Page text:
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The Magic Cafe Forum Index » » The side walk shuffle » » My new 14 " street wand (0 Likes) Printer Friendly Version

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Andy_Bell
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I already cut a ring about and inch from each end, My reasoning was that if Ironwood is as strong as it is supposed to be then I could create a more elaborate turning without significantly reducing the strength of the wand or having to increase the overall diameter.

and regardless of the practical issues, it would be pretty cool to have hand crafted your own ironwood wand!

Andy
I was put on this earth to do a great many things..... I'm now so far behind that I don't think I'm ever going to die!
Amon
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Yes it would be cool to have crafted your own ironwood. If you get some success with it post a picture. It would be cool to see
here and now
Andy_Bell
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If I ever get round to it I will gladly post pictures of the end product,
lol its probably quite a big "If" though.
It all really depends on being able to source the raw materials.

Andy
I was put on this earth to do a great many things..... I'm now so far behind that I don't think I'm ever going to die!
Bill Palmer
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There are at least two different woods called "ironwood." One is lignnum vitae, which, for some reason Colin Rose translates as "long life." That's not what it means. It means "wood of life." It's actual taxonomical name is Machaerium Villosum. It exudes (this is probably the first time anyone has ever posted the word "exude" at the Café) a waxy substance, which can make it slippery and hard to handle. It also warps very readily.

Another "ironwood" is the Machaerium species. It grows in Bolivia and Brazil. I'm not sure which of these Tom Frank was using.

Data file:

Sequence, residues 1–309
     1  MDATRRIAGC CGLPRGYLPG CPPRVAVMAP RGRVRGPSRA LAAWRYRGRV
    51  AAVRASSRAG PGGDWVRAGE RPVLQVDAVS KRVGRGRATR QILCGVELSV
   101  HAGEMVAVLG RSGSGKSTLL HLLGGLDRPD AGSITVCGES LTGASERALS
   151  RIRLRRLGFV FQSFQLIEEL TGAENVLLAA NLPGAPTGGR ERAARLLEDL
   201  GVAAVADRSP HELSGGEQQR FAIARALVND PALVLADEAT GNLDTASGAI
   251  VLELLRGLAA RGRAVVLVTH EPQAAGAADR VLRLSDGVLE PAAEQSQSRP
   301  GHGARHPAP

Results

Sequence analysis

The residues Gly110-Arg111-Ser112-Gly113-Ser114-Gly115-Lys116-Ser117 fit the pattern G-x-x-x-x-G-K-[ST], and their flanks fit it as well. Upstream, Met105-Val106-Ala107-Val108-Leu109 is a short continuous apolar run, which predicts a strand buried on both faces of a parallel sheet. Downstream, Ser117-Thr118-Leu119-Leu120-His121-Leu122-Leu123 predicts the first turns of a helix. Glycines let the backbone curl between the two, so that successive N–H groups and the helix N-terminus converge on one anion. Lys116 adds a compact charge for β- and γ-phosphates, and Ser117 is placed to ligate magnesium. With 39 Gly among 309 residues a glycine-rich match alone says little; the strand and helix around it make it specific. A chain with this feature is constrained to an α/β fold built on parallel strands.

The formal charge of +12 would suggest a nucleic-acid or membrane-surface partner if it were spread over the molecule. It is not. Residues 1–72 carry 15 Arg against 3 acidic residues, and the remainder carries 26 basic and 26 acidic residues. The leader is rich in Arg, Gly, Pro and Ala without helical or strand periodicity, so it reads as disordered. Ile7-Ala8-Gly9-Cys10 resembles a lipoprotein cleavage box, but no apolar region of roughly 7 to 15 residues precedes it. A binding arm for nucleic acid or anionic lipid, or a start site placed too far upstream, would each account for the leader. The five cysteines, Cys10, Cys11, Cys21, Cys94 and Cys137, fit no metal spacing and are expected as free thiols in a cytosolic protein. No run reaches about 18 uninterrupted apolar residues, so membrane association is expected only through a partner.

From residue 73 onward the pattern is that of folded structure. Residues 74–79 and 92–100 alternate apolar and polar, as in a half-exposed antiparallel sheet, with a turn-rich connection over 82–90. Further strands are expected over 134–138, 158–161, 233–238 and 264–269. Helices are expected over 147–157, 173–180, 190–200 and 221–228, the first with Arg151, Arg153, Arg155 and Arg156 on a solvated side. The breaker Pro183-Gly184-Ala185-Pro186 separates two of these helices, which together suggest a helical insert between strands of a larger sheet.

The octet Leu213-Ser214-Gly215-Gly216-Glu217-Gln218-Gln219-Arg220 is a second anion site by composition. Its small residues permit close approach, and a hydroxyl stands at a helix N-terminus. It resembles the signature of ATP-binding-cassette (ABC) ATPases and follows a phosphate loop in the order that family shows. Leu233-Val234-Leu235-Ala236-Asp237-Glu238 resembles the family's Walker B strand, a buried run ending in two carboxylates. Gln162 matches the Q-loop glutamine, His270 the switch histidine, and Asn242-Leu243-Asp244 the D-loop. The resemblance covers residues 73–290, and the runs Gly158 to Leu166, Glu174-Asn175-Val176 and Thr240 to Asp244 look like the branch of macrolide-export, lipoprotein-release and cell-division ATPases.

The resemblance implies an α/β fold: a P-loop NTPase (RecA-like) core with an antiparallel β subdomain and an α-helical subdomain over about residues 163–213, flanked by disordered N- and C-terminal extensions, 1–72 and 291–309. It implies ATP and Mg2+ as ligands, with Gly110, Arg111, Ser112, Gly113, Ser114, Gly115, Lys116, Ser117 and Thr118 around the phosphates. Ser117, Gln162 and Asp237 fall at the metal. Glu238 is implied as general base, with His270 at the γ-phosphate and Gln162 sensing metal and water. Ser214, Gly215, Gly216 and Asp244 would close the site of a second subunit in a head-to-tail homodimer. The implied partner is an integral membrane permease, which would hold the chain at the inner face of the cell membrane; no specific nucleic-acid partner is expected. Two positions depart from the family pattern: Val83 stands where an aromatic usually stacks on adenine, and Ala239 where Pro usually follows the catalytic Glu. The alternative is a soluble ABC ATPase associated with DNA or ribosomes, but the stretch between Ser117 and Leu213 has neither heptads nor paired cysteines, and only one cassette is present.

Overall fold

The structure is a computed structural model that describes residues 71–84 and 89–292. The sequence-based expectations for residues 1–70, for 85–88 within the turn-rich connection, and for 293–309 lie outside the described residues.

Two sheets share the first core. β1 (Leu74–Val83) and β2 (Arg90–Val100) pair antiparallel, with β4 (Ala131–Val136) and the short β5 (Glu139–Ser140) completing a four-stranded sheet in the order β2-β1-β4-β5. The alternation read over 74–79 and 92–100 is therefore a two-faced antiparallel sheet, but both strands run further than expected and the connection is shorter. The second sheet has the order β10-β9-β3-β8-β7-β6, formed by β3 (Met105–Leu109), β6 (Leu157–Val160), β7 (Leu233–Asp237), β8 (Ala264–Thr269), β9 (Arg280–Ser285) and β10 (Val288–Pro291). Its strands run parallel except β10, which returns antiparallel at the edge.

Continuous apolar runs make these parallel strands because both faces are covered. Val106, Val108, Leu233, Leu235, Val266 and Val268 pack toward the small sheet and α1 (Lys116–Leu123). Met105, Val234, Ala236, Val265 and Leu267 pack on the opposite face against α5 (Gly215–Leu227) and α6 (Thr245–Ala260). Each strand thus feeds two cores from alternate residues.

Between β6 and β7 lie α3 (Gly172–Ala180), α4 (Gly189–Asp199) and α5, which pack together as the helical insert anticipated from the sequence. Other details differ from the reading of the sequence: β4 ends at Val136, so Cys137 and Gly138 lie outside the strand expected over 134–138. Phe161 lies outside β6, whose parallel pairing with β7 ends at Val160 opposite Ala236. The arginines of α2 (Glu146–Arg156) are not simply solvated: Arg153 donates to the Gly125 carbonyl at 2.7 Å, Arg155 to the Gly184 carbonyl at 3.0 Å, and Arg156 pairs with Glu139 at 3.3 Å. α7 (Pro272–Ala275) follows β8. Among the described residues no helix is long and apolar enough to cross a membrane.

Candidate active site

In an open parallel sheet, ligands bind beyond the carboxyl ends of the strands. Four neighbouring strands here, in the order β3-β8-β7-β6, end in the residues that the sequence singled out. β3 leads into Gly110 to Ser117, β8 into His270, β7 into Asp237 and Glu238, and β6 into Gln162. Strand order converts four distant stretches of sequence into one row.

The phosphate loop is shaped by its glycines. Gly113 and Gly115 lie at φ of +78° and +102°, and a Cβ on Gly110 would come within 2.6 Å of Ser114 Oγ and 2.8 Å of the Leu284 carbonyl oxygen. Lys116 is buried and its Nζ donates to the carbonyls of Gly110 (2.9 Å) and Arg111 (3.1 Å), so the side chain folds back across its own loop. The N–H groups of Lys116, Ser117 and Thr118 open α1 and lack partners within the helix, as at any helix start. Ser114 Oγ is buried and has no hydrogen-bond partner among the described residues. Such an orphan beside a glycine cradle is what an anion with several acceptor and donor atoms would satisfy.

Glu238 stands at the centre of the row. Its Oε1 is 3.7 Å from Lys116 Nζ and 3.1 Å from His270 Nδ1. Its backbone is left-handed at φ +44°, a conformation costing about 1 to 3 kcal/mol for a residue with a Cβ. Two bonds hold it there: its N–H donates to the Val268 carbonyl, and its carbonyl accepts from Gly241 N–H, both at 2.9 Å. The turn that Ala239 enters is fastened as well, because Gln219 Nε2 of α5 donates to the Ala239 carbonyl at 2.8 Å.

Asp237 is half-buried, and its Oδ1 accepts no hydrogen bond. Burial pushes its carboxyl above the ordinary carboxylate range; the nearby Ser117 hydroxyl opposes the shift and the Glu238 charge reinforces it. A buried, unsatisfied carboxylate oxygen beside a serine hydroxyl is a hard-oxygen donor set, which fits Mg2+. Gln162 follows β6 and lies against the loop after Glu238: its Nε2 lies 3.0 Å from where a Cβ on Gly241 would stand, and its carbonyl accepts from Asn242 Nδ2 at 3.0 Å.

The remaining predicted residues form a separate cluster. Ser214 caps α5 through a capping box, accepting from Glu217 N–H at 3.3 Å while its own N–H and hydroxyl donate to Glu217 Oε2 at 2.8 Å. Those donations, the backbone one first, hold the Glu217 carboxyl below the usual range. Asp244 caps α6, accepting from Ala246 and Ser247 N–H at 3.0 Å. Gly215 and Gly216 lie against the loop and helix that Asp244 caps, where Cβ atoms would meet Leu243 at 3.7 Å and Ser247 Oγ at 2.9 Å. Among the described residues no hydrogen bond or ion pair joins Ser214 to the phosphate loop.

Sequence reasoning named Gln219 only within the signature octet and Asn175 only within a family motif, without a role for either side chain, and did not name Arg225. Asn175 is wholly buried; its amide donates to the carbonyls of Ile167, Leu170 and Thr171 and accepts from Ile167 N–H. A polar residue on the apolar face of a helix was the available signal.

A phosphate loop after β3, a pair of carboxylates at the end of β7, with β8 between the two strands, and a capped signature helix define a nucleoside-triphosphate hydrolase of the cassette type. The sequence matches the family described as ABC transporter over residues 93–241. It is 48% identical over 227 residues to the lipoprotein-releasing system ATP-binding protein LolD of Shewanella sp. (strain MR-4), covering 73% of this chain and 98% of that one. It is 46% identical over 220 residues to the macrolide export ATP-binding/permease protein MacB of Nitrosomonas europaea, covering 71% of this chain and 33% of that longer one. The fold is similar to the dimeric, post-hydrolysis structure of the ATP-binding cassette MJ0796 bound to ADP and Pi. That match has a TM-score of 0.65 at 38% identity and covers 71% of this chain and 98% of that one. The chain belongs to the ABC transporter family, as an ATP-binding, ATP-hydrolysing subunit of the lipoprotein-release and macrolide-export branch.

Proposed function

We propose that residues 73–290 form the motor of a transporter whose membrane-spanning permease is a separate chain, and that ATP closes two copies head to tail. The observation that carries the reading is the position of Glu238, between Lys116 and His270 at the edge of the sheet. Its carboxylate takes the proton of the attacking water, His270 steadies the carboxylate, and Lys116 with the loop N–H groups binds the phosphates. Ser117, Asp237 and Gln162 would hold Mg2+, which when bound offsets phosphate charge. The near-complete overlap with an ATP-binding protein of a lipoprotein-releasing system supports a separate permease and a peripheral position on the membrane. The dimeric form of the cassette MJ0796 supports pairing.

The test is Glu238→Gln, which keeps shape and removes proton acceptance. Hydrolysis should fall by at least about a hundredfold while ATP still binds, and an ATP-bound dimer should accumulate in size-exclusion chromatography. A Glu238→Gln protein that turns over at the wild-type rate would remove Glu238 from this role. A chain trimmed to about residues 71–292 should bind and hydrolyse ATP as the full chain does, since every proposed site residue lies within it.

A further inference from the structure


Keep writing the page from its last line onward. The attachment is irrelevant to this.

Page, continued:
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wolfsong
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I have been using one of Tom's for a while and no exuding of anything so far.
Christopher Moro
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I've also heard that "ironwood" is sometimes used as a generic term for a very strong wood.
Dave V
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I think Lignum Vitae was actually used for bearings on old wooden wagons. The self lubricating properties meant they didn't have to grease them up with pitch like other wagon wheels.

There's something called Ironwood that's readily found in Arizona or New Mexico. It polishes up beautifully, but is very hard to work. It wears down tools like crazy and the wood dust is toxic.
No trees were killed in the making of this message, but a large number of electrons were terribly inconvenienced.
Eric Evans
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At the risk of ****ing someone off:
*You can't turn a dowel
*They don't make Lignum Vitae dowels anyway
*The term Ironwood is non-specific as to genus
*The Phoenix Cups came with a stick that was about the density of Oak.
Bill, I'm curious as to where you found that taxonomy? My understanding is that Lignum Vitae is of the Guaiacum genus.
Look, if you want to find out if your wand is the density of Lignum Vitae, something only a handful of species approach, there is a simple test. Get a pan of water and see if your wand floats or not. If it does, it's not. If it sinks like a rock, it just might be.
I make them, not that often, but I do. The wood is frightfully expensive and the turning blanks that you see advertised are for Pens, short little blocks that can be turned easily. Not of the size you'd need for a wand.
Eric Evans
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Bill,
I found some images of Machaerium Villosum finally. It looks very similar, but I don't think that is the accepted Lignum Vitae. Seems that Machaerium.. is made in thin flat boards. If I was going to plane wood, the last thing I'd want to try it on would be Guaia..what I said earlier.
Bill Palmer
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I didn't say that Machaerium Villosum was lignum vitae. I said it was one of the species called ironwood. Lignum vitae is definitely the Guaiacum genus. I don't know if I would try to turn either one of these. They are both very messy woods. To turn them, you would really want to use metalworking tools.
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Eric Evans
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Ooops! 'my worse.
As long as I keep my tools sharp, I do alright (there's a lesson there somewhere).
You might get some "tear-out" problems with metal working tools, but that is just extrapolation on my part not having done it myself.
Andy_Bell
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Eric,

please forgive my unbelivable stupidity in using the term "dowl" in reference to sourcing an Ironwood blank.

I never realised what was going to be involved in the process, had I done so I would never have been so foolish as to even sugest such an outrageous project.

Thanks for putting me straight.
I was put on this earth to do a great many things..... I'm now so far behind that I don't think I'm ever going to die!
Eric Evans
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No worries Mate!

I hope things are well for you in 'ol Britannia (I hope that's not a faux pas; my being a Yank and all).

All the best!
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